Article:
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Bride of Frankenstein (1935)
Movie Review by Professor Corpse Rot

Bride of Frankenstein (1935) In 1818, Frankenstein; or, the Modern Prometheus was first published anonymously in London. Audiences in France would later discover in its second publication that the story was a product of a young and dark imagination. That imagination, aged 19 years, was Mary Shelley. No one could have predicted that her novel would be produced into a film over a hundred years later and her beloved monster would instantly become one of the most recognizable faces since the inception of film.

It was never Whale's intention to make a follow-up film to 1932's Frankenstein but under certain contractual obligations and a substantial amount of pressure from executives, he finally agreed to make another film based on the Frankenstein monster. The original working title was known as "The Return of Frankenstein" but was changed to Bride of Frankenstein based on a small story arc in Shelley's novel. So, now that we've thoroughly explored the in's, out's, and around's, we have a solid background to build upon and we're ready to continue onward. So...onward!

The story opens with Mary Shelley, Lord Byron, and Percy Shelley seated comfortably in a sitting room discussing the horrors of her novel. Mary states that a moral lesson is to be drawn from her tale and goes on further to explain that other events occur after the initial story's final act. Subtle screen transitions then depict the closing scene from the first film, as the Frankenstein monster escapes from the burning wreckage and flees into the woods. Meanwhile, Dr. Henry Frankenstein's body (his name was originally Victor but for reasons unclear to me they changed it for the sequel) is recovered and brought back to his fiancee Elizabeth (Valerie Hobson replaced Mae Clark who played Elizabeth in the first film). Henry is approached by his former mentor Dr. Septimus Pretorius (Ernest Thesiger) and expresses an interest in furthering their research. These introductory elements head smoothly into a classic moral tale.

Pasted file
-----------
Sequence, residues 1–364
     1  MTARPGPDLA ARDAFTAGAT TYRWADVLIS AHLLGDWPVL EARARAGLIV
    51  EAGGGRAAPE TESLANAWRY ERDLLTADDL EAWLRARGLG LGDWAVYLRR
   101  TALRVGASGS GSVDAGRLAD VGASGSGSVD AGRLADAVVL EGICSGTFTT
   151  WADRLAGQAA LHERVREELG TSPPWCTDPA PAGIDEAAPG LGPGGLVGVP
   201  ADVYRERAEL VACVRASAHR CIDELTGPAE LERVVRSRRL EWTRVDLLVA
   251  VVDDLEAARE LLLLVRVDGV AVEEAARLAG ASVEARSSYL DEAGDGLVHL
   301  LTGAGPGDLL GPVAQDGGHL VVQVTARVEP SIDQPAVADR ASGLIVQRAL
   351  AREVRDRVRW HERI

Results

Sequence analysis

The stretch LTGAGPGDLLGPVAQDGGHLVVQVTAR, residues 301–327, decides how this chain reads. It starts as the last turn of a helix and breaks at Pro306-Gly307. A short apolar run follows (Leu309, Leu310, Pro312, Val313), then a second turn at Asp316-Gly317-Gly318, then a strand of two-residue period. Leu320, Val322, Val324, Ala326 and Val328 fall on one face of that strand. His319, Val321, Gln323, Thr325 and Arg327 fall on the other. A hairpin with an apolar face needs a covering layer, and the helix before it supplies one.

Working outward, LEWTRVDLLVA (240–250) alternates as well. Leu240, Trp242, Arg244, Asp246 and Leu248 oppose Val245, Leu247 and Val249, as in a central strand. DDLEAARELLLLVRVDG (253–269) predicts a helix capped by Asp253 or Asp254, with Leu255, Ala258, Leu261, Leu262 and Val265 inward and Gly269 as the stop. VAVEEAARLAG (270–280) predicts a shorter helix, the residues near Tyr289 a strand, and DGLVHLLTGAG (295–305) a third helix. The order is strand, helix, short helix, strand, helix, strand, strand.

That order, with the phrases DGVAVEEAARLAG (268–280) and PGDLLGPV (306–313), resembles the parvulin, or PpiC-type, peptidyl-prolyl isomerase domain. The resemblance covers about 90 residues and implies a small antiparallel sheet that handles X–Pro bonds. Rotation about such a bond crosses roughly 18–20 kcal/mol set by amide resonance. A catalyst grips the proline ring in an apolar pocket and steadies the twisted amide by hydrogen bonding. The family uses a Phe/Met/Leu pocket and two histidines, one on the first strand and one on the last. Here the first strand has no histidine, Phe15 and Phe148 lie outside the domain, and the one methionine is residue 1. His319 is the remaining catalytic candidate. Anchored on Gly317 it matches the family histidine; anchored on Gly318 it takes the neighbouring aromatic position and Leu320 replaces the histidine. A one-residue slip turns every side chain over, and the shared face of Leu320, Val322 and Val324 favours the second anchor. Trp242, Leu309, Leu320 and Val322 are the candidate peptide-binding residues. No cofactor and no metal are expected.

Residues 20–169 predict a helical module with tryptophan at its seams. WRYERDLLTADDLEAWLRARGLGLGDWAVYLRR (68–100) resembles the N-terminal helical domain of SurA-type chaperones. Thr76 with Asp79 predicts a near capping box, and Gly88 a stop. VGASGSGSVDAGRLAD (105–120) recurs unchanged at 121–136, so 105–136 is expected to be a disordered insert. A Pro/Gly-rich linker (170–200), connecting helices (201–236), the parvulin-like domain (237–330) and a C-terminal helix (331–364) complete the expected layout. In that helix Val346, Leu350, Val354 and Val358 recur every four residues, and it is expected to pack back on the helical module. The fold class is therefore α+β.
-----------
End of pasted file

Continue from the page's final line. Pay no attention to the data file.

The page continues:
Bride of Frankenstein celebrates the same lavish sets and cinematography that helped make the first film beautiful. If you take the time to admire the set design it becomes clear that amazing things were produced 75 years ago - there are still several sequences where I had to ask myself, "I wonder how they did that?" We could agree on how similar these devices are but a welcome addition that you'll find in Bride of Frankenstein is the use of comic relief, especially from Dr. Frankenstein's housekeeper Minnie, played by character actress Una O'Connor. The presence of this comedic effect is quietly slipped into the dialogue but if you pay close attention and have an offbeat sense of humor you may pick up on it.

In some ways it's refreshing to watch an enjoyable sequel without the overuse of marketing campaigns and slogans that slowly bleed dry the film's worth - but even in the '30's, sequels exhibit cliche moments to capitalize on the first film's success. Show business is show business but I've chosen to exercise a more lenient approach this time and ignore the negative attributes that plague most sequels.

What may be the biggest issue with Bride of Frankenstein, though, is how little screen time that the Bride has. With a title that openly proclaims the main attraction and a female monster that is easily in the top ten of all horror icons, her part is a small one. The Bride is played by Elsa Lanchester who also fills the role of Mary Shelley in the film's prologue. James Whale did this intentionally, not on account of budget constraints but with the purpose of portraying the duality of man. The small increments that the Bride is available are, without a doubt, classic...it's wonderful how much of an impact her character has on the genre which is why many film critics hail this film as Whale's masterpiece.

If you love old movie monsters from the silver screen and have always wondered what the hoopla was about, especially that of Frankenstein, The Monster, and the Bride, you HAVE to see this. I recommend starting with the original and then viewing this one - just a friendly bit of advice. Now...onward!

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